So why is the government hesitating?

The Vice President clearly didn’t mince his words: “We can do without letters of credit that go through government ministries or the central bank. When we take it upon ourselves and enter into it, corruption sets in, Let’s forget about this issue of letters of credit and leave it under the management of the commercial banks. Let it be determined by the market forces.” But the current Finance Minister was a little more circumspect when he said: “People have agreed that the letters of credit did not seem to have delivered what it was intended for and therefore, people will have to find another way of trying to lower the prices in the market.” No commitments have been made. None should be expected.

I fear, as long as the civil war continues, this government will resist reform of the currency system. As long as the military has continued access to cheap imports, the impact on the wider society will be perceived as the collateral damages of war. Perhaps more importantly, the removal of Letters of Credit will have profound implications for officials who have grown used to abusing it to maintain their patronage networks. Threatening a mechanism they have come to rely on is not an easy thing, especially for a government which desperately needs to shore up internal support. Ultimately, this is may prove counter-productive as the population grows ever more restive.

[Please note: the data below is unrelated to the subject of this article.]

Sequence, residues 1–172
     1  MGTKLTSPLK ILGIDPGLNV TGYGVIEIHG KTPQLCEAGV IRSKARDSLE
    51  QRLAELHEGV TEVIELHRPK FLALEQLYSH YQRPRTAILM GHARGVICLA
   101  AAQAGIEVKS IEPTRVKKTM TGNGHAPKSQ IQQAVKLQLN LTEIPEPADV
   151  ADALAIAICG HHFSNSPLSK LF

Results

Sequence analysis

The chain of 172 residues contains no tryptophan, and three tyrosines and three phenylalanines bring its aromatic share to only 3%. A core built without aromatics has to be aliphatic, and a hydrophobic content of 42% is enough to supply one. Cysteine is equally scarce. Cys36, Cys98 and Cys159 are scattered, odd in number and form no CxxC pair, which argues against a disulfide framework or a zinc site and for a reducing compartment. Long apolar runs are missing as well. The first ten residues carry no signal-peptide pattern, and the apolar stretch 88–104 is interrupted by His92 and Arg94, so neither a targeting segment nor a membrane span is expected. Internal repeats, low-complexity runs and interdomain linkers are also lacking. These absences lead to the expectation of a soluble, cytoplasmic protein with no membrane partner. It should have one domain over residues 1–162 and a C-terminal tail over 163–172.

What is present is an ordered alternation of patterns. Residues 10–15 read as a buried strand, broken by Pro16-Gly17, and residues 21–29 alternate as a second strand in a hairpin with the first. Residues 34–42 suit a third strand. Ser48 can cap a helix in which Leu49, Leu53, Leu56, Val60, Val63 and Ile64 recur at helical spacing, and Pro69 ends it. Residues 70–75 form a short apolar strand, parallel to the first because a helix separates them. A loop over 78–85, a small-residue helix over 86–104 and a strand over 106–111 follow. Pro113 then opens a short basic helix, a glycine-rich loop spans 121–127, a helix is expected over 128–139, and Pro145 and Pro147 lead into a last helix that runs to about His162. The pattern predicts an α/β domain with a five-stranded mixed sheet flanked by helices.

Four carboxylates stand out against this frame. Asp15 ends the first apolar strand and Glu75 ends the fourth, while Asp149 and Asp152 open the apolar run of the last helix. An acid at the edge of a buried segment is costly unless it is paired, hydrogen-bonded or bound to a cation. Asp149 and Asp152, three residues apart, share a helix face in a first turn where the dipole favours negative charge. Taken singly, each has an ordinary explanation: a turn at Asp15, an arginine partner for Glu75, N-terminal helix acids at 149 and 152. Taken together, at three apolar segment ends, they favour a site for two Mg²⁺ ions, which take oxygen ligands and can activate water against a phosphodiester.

Recently, the Mayor of Torit, Martin Odeki admitted that he narrowly averted a demonstration over high prices, where protesters threatened to burn down Torit market. Their anger was mistakenly turned on the business community, who are as much victims of this manufactured disaster as their patrons. One can only conclude a desperate government, finding itself cornered, is playing a very dangerous game indeed.